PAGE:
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Saturday, July 7, 2007

Lights, Camera, Stupidity

I worked on a movie set in New Orleans a few years back and the more I think about the experience, the more I realize just how many mentally deprived people I came across. In case you are interested, the small independent film is called "Flakes." I have a strong feeling it will quickly go to DVD, but non-the-less, I enjoyed my non-paying job as a production assistant.

Brief Synopsis taken from

Aspiring roc
k musician Neal Downs (Stanford) manages a cereal bar. Stylish Miss Pussy Katz (Deschanel) is the creator of radically-themed art clothing. When the cereal bar, brings in an offbeat crew of locals, who debate the arcana of cereal history and ideal milk/flake ratios, an aspiring capitalist rips off their concept.

This film was shot on the streets of New Orleans and two buildings, catercorner to each other, were the sets of the two competing cereal bars. Parked along the street were several trucks along with lighting, audio, and film equipment along the side walks. One of the sets was built in a building which many people recognize as a popular place, unfortunately the name and purpose of the establishment is eluding me at the moment. Google, the local news archives, and the local paper's site were of no help in my search either. Apparently this film is so under the radar, even local news agencies didn't see much use in reporting much on it. The business was closed for renovations and decided to rent it out for the 28 days it took to make this film.

The question I was asked most often, despite the obvious answer, was... are you ready for this?
"What are y'all doing?" Granted this question came in several variations, sometimes it was phrased as, "What's going on here?" But despite minor word variations, this question was nearly always accompanied by a very confused expression. Keep in mind, there is lighting equipment, cameras, and many other signs which would indicate, to any mildly intelligent person, something is being filmed. Even if they knew this and simply wanted to talk about it, a much better approach would have been to ask whats being filmed. Instead they piss me off instantly with one of the dumbest question a person could ask in that situation.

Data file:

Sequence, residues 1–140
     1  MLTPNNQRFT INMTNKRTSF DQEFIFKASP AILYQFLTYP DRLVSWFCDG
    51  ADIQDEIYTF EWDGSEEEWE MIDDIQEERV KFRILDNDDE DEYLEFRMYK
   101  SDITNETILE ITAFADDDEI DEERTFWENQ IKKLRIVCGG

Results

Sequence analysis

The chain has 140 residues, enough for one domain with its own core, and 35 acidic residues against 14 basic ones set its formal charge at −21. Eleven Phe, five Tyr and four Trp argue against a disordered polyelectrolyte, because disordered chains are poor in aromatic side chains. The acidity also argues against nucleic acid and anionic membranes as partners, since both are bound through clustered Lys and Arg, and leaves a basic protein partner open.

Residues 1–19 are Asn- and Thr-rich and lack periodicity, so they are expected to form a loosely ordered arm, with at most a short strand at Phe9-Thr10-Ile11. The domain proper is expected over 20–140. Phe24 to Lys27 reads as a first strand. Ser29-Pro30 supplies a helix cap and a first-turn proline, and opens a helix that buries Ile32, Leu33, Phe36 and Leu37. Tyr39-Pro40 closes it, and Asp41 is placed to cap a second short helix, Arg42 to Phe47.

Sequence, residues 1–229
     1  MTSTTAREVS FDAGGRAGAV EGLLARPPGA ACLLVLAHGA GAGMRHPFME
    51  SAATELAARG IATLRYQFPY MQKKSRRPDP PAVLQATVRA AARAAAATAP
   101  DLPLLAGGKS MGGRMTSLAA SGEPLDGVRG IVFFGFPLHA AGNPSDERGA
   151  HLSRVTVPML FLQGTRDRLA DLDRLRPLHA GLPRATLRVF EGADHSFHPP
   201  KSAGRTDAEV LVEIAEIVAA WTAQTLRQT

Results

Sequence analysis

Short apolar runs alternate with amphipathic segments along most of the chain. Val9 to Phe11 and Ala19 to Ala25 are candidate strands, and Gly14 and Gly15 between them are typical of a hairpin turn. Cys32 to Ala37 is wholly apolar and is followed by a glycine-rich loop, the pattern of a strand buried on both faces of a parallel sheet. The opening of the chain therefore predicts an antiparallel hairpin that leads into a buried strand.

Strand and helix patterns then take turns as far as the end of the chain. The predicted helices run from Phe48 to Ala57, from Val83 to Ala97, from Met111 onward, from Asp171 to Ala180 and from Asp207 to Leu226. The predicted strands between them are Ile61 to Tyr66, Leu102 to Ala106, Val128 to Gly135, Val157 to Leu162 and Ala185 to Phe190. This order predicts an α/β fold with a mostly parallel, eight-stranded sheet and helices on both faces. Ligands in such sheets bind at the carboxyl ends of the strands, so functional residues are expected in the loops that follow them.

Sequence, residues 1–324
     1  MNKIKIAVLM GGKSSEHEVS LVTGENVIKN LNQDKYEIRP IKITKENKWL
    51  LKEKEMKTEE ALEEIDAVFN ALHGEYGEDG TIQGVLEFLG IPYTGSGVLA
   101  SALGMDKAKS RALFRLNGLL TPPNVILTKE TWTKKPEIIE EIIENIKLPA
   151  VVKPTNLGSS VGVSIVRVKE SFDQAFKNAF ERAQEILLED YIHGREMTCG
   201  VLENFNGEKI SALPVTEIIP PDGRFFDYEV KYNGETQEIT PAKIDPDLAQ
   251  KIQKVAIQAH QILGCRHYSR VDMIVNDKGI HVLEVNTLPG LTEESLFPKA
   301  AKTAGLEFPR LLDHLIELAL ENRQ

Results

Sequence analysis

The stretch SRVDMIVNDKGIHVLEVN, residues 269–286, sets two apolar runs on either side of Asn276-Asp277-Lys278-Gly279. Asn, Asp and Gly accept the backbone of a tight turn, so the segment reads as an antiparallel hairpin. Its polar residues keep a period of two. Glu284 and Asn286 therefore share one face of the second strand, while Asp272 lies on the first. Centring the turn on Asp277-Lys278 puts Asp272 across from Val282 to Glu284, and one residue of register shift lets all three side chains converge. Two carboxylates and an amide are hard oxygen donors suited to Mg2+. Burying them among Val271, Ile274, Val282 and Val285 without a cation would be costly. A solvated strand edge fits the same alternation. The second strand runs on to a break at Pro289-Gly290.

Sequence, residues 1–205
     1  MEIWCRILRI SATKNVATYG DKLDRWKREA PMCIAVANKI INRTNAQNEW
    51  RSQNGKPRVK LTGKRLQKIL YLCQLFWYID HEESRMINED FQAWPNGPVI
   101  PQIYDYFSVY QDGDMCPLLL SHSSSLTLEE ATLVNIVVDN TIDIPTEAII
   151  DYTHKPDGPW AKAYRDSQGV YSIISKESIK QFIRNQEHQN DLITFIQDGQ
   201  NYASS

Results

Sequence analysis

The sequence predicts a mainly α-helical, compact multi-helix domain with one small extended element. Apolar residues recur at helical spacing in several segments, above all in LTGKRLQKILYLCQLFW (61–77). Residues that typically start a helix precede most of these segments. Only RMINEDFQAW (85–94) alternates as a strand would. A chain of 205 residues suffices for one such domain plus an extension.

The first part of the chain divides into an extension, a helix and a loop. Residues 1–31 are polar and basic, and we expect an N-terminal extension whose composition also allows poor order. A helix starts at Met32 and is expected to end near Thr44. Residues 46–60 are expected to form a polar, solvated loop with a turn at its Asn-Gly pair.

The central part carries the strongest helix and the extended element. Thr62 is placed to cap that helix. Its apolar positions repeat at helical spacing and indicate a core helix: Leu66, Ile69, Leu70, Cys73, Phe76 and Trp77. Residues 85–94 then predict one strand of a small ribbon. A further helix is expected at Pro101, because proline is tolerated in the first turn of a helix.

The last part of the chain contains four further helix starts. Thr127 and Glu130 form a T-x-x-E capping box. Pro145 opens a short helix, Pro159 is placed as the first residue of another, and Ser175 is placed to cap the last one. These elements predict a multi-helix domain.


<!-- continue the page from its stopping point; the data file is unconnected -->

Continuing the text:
At one point, while they were filming down the road, I was given the task of guarding the equipment and vacant set's. While exquisitely preforming my noble duty, a couple walked by and looked through the window of one of the sets, which had a sign hanging over head which read, "Flakes Cereal Bar." The man immediately exclaims to his companion, "their opening a cereal bar here, what a stupid fucking idea...!" "And why the fuck are they opening two of them right across the street from each other?"All I could seem to do was look at him like he was the dumbest man on earth.

I felt it was important to let him continue in his rant before I informed him of what was actually going on. I have to admit, he was a great source of entertainment at that moment. Despite noticing all the film making equipment all around him, when I informed the dolt (with a very mocking voice) it was a movie set, he replied, "How the hell was I supposed to know that?" Surprisingly he didn't seem at all embarrassed. He seemingly saw no reason he should have been able to deduce something close to that answer.

In summation, pay attention to your surroundings, it may keep you from asking stupid questions... I know momma likely told you there are no stupid questions, but she was wrong. Or perhaps she was right, because as the other saying goes, "there are no stupid questions, only stupid people." Yup, maybe momma was right after all.

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